Gauthier de la VilleBaugé
Aretian contributes with a chapter in the Acciona Book "The Decisive Decade"
Aretian Urban Analytics and Design is contributing with a chapter in The Decisive Decade, the brand new book by Acciona. The Decisive Decade presents an overview of sustainable urban development challenges and opportunities, co-authored by a dozen world class thought leaders, researchers, designers, and technologists, including Samuel Schwarz, David Kaner, Juan Carlos del Olmo, Patricia Murrieta, Sunita Narain, Genevie Fernandes, Leonardo Martins, and Catarina de Albuquerque, among others.
Acciona's President, José Manuel Entrecanales, introduces The Decisive Decade, and the prologue is written by the renowned thinker Javier Gomà and the book coordinator, urban solutions' thought leader Antonio Lucio.
Aretian's contribution focuses on identifying how City Science techniques can illuminate sustainable development challenges, and help shape Urban Design and quality development solutions.
In this book, Ramon Gras Alomà, Aretian co-founder and Harvard researcher, explains that urbanism has greatly evolved in recent years to lead us to great changes for our cities and urban environments. As 55 percent of the world’s population and 70 percent of GDP is concentrated in cities, and by 2050 these figures are expected to reach 70 and 85 percent, respectively, it is urgent to start developing better means of urban success and methodologies. One of the sustainable development challenges that cities face is promoting sustainable production cycles that contribute to the prosperity of all their residents, without distinction, guaranteeing universal access to quality urban services and addressing the climate and environmental issues that loom before us.
The biggest current issue for the field of urbanism is antiquated urban design and analysis tools largely inherited from the bad urban planning practices of the 20th century. Deficient urban development patterns have been applied without critical consideration, further complicating our efforts to approach the standards of quality established in the SDGs. Ramon Gras explains that the chaotic acceleration of the urbanization process around the world has exacerbated urban problems such as overcrowding in substandard housing, a sharp increase in traffic and average commuting time, limited opportunities for stable employment, a widening income gap, the gradual disappearance of local businesses and everyday social interactions, energy and water inefficiency, and social isolation and loneliness due to urban atomization.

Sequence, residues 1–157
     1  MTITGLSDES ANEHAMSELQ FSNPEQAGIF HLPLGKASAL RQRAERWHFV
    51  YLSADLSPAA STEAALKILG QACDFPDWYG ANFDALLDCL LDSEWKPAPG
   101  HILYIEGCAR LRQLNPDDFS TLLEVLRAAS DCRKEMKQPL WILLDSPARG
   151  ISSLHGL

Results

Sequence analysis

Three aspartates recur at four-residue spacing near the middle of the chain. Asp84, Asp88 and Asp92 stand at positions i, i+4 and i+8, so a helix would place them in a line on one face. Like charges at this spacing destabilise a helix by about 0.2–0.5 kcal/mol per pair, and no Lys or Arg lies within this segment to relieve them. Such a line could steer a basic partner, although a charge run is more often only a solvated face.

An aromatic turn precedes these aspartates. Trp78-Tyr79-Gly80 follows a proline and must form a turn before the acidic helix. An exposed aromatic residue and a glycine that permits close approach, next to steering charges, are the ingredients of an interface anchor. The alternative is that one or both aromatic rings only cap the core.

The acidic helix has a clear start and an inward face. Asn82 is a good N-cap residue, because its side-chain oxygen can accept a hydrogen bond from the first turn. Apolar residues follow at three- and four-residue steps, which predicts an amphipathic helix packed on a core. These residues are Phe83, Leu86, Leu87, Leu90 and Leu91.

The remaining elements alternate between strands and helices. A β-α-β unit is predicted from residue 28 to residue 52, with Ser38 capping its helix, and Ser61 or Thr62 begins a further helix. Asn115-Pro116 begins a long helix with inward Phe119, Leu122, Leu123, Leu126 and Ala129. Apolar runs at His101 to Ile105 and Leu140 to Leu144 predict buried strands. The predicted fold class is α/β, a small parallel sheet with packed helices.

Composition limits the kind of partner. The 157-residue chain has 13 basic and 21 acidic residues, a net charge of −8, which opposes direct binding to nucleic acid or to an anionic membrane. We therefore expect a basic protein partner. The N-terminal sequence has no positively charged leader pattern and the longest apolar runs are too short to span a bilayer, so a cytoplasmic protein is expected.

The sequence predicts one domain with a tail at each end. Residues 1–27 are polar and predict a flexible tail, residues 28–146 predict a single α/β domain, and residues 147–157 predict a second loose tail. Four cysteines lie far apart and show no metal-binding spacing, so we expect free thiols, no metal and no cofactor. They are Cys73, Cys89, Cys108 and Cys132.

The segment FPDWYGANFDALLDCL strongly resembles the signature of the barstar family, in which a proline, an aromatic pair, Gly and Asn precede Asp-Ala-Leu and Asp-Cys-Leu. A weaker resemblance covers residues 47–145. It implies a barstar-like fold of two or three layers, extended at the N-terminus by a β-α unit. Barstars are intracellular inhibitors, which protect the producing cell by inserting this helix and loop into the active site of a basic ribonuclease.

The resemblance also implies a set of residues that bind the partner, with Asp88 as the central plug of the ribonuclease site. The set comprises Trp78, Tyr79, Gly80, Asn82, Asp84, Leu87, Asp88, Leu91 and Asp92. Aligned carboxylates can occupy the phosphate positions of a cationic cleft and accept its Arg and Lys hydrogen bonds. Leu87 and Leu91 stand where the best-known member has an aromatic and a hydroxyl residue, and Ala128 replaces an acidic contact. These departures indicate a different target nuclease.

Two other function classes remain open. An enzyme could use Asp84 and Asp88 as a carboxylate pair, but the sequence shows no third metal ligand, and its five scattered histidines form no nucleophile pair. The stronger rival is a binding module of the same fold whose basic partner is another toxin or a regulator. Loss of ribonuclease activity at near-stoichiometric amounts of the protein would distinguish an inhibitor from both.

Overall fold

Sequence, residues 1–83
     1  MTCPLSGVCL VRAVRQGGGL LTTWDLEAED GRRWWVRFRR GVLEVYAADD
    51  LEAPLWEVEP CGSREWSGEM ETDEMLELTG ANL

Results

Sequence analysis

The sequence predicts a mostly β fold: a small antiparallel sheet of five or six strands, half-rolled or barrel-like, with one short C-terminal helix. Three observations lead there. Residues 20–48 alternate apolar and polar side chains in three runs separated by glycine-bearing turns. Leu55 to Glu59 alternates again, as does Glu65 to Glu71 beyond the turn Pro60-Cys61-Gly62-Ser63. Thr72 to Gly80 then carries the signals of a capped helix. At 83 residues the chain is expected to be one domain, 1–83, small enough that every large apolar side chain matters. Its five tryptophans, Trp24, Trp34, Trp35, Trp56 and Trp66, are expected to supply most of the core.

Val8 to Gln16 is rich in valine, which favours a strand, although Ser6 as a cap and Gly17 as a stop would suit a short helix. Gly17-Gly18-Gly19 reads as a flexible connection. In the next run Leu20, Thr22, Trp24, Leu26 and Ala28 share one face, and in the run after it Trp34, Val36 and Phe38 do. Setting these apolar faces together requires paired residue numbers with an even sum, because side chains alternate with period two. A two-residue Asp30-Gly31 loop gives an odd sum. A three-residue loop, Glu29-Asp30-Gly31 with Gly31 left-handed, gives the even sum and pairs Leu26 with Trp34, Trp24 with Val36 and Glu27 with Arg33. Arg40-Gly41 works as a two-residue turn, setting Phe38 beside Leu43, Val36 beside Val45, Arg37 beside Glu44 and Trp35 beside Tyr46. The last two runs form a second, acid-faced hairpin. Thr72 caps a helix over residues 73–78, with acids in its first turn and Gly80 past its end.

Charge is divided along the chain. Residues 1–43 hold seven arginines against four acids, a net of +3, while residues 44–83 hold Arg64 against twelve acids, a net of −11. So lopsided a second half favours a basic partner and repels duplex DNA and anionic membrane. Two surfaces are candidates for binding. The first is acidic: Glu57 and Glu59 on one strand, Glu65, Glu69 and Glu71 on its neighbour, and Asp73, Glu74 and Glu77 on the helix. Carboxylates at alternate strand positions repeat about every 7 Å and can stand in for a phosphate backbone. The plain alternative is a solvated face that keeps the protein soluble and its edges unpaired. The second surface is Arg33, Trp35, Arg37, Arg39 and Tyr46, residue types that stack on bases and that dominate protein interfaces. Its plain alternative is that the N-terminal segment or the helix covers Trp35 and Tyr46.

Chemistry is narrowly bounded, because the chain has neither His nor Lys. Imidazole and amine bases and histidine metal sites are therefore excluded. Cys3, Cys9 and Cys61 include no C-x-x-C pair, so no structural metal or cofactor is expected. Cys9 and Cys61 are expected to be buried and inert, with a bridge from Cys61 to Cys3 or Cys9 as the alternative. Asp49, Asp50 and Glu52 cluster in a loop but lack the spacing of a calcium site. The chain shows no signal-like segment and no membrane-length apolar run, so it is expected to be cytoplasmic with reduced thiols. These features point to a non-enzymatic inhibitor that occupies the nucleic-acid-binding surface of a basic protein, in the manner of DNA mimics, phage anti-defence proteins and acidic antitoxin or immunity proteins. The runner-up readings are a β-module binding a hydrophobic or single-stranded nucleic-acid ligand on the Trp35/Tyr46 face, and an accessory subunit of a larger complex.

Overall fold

Today, new methods of modeling the urban phenomenon are facilitating the diagnosis of the challenges of sustainable urban development and providing rigorous data to support urban leaders and experts in their decision-making processes. Cities can now be described as complex systems in constant flux, whose growth tends to follow preferential attachment models that take advantage of the non-linear benefits of strategic geographical aggregation. The results of our research with the Aretian team, composed of affiliates from various Harvard University schools have identified ten main urban form or design typologies, all of which can be modeled as complex network systems.
Each type of city belongs to a family of urban networks, depending on their two dimensional topology, three-dimensional morphology, level of urban entropy and scale. We subsequently found that the formal properties of a city have an impact on the dynamics of urban systems, which in turn structurally condition urban performance indicators. Therefore, each type of city can be described, both visually and mathematically, by means of networks in constant flux. Among these typologies, Fractal cities combine the multiplying, non-linear benefits of the geographical concentration of knowledge-intensive activity with a polycentric layout where every corner of the city is within a twenty-minute walk of all essential services: education, healthcare, shops, employment, recreational and cultural opportunities, etc. This makes the most of the multiplying benefits of the geographical concentration of uses in the city centre, while also facilitating a polycentric distribution of second, third and fourth-tier hubs around squares and intersections scattered across the length and breadth of the urban fabric. In addition, the decentralized layout of the fractal city ensures that residents in any part of the city have access to basic commercial, cultural, healthcare, educational and other services.
The great challenge we now face is to determine, for each city and context, what kind of urban layout design interventions, density levels, building heights, smart location and design of hubs for boosting the knowledge economy, geographical distribution of services and mobility model structures should be prioritized to reinforce this fractal condition, consolidate the standards of quality of the ‘15-minute city’ model and, ultimately, outline strategies that will allow us to achieve the SDGs.
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